BEER GOGGLES: “Chasing” Shots to Maria Menounos

Screen shot 2014-04-17 at 9.04.21 AMI’m probably going to get a lot of crap for this, considering she’s one alum my school just loves to name-drop, but Maria Menounos’ reality show is beyond irritating.

I decided to sit down and watch it for a couple reasons. First, her career as a television personality is something I aspire to have myself one day. Second, being a high-profile Emerson alum, I felt this was the closest I was ever going to get to picking her brain and figuring out how she got where she is today.

I was sorely disappointed.

I watched the first episode stone sober because I was genuinely interesting in seeing what this show would be like. What I found was an overcompensating attempt to make Maria appear to be this adorable, quirky girl-next-door. I only say attempt because it’s clear that’s what they were trying to do with the editing, but it was the most transparent mask I had ever seen.

Instead, what I saw was a grown woman acting like a selfish spoiled toddler, not yet mature enough to understand that you can’t have things entirely your way 100 percent of the time. I saw a grown woman acting like a moody teenager, still living under the same roof as her parents (not to knock that, to each their own, just don’t expect me to move back in with mine) while rolling her eyes at them and snapping back every time they offered a parental suggestion. I saw a grown woman who focused so intently on herself and her own career that she just assumed her boyfriend of 15 years would take care of the stay-at-home duties, putting his entire career on hold.

So then I decided to drink.

I figured putting on some beer goggles might make this more tolerable. I tend to like people more when I’m drunk in real life, maybe this would work for the edited persona of this alum I feel obligated to admire.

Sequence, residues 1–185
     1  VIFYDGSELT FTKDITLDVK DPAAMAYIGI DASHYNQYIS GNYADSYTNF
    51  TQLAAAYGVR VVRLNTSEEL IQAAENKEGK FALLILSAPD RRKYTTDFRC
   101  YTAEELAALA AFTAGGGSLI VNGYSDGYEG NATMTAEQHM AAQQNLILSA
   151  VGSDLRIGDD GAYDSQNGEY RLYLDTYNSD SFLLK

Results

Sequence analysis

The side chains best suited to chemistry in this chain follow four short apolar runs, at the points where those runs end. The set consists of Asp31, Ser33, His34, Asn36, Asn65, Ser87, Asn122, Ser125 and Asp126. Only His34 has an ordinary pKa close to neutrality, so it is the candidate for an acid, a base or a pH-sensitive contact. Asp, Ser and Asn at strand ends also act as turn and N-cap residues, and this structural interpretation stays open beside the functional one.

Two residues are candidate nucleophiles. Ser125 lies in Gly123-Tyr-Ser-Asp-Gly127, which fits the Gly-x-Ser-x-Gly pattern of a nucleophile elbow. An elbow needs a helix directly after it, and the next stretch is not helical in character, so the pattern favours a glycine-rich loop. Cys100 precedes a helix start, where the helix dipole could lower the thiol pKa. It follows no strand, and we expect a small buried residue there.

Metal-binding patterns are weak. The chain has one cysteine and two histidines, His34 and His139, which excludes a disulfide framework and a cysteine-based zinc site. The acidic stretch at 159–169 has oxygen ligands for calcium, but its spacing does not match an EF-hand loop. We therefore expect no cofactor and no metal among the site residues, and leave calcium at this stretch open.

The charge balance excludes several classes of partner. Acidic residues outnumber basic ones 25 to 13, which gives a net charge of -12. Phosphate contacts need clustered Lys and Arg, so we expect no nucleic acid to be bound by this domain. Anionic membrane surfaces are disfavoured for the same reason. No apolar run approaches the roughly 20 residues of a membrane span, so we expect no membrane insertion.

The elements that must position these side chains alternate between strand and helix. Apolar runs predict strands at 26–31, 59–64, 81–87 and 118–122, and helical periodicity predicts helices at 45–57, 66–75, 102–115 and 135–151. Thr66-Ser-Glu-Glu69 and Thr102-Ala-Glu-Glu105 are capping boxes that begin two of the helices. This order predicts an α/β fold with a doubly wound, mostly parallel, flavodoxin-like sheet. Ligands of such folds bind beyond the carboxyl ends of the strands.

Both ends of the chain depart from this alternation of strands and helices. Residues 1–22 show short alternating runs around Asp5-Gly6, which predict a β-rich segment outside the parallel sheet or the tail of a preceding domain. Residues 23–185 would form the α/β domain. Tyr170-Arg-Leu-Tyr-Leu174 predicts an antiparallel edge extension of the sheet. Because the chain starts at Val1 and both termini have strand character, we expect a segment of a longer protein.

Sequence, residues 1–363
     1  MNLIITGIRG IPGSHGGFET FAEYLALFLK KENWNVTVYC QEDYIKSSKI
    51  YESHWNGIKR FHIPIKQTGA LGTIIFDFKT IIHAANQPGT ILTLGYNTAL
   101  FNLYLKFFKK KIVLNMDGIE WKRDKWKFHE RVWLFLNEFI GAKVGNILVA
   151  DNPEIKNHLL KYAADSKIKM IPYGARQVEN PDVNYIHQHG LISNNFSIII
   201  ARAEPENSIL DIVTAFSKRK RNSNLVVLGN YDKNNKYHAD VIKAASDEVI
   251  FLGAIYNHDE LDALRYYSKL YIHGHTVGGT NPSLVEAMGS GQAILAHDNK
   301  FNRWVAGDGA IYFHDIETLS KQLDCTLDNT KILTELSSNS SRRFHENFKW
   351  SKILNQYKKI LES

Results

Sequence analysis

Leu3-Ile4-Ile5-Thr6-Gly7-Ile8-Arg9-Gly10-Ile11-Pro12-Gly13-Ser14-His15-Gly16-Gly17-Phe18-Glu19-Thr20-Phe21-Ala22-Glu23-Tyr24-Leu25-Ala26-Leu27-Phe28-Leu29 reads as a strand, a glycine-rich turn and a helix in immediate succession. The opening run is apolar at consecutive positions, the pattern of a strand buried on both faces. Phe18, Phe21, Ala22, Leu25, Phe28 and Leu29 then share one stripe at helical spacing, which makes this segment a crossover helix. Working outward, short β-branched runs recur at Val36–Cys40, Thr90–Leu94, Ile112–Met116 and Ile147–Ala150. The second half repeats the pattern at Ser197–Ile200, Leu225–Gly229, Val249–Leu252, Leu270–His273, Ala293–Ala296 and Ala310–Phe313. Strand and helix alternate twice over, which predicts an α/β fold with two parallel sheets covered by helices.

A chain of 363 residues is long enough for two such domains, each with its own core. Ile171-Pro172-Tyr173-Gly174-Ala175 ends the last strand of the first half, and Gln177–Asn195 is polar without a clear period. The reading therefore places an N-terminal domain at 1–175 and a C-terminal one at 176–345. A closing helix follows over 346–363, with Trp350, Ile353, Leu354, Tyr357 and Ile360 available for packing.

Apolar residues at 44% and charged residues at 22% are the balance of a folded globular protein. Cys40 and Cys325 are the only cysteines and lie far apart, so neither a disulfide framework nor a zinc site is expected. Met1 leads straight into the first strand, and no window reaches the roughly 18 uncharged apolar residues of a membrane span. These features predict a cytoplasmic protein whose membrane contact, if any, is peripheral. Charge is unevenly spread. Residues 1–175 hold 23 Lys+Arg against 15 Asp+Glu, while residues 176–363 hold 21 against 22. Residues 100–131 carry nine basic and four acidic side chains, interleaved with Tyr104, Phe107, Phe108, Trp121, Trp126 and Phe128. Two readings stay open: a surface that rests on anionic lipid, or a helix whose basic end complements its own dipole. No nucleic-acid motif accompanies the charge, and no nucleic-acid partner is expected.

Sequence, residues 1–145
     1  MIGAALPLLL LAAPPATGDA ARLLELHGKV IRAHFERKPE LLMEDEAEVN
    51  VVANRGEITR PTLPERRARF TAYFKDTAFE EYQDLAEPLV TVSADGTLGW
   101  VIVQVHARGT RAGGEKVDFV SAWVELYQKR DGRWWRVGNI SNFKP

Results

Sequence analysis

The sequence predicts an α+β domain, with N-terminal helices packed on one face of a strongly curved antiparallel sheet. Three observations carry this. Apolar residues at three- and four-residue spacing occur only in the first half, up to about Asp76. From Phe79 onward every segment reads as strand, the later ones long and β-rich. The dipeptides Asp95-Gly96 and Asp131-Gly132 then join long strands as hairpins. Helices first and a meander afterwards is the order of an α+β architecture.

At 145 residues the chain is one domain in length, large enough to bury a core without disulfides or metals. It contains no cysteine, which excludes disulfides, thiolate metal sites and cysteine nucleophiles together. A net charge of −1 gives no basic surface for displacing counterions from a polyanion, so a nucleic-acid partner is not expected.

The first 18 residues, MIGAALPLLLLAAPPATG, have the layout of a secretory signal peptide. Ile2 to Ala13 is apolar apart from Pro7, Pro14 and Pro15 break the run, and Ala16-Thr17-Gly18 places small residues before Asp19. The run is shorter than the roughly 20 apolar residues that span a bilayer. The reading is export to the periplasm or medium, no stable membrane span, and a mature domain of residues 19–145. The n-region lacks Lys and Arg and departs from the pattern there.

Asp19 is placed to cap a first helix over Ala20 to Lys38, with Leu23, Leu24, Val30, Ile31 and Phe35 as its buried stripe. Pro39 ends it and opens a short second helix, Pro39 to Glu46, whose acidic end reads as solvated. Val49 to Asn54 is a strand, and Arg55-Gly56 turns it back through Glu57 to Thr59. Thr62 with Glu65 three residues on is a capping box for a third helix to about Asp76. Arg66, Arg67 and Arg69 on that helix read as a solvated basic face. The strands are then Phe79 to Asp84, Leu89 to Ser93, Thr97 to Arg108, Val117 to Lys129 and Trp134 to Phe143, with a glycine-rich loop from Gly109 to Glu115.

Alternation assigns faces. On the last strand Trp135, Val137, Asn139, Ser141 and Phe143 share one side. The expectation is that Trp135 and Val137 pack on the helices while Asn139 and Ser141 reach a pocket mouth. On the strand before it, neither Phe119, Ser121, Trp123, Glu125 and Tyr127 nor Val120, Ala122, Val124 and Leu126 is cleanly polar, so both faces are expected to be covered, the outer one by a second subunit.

Spoiler: It did not.

The faux-quirkiness became more infuriating. Sitting cross-legged on the floor of her massive walk-in closet to record her confessionals did not seem endearing or relatable, instead the cuteness the producer was going for did not translate. What did translate, however, was how forced it appeared.

I continued to drink.

I became outraged for her poor boyfriend, who gave up everything he aspired to be for her and her career, and now that she’s successful he still can’t pursue his own dream to be a filmmaker because he’s playing househusband. And on top of that, he does so much for her parents, just to make them happy, regardless of whether, say, converting to Greek Orthodox is something he actually wants to do.

In conclusion, blurry beer goggles still let me see very clearly the bossy, selfish, immature side of Maria Menounos that even the most positive editing can’t hide.

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